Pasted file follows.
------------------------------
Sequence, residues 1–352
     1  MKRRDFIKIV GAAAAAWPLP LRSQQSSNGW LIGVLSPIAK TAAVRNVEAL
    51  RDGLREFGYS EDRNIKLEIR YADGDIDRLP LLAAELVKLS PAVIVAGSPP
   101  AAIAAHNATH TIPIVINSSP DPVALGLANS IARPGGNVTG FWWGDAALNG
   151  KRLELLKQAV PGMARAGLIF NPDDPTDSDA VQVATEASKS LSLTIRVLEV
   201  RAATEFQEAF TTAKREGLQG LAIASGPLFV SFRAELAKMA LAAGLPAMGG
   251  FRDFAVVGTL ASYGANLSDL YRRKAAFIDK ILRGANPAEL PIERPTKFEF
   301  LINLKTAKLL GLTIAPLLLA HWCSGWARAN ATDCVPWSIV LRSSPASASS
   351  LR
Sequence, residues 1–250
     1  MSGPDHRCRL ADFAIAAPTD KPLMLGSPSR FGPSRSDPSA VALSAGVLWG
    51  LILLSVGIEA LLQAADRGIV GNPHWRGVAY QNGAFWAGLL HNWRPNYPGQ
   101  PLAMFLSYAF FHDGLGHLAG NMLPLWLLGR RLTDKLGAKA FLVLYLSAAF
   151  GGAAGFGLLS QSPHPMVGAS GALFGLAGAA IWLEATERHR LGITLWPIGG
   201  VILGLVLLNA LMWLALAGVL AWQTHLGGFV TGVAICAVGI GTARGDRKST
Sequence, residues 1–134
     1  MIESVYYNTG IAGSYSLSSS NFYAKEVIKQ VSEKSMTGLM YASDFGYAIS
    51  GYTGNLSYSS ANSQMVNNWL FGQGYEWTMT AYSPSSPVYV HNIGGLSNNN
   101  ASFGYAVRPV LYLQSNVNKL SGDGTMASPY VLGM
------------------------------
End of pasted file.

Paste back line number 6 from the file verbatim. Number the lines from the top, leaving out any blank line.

   201  RAATEFQEAF TTAKREGLQG LAIASGPLFV SFRAELAKMA LAAGLPAMGG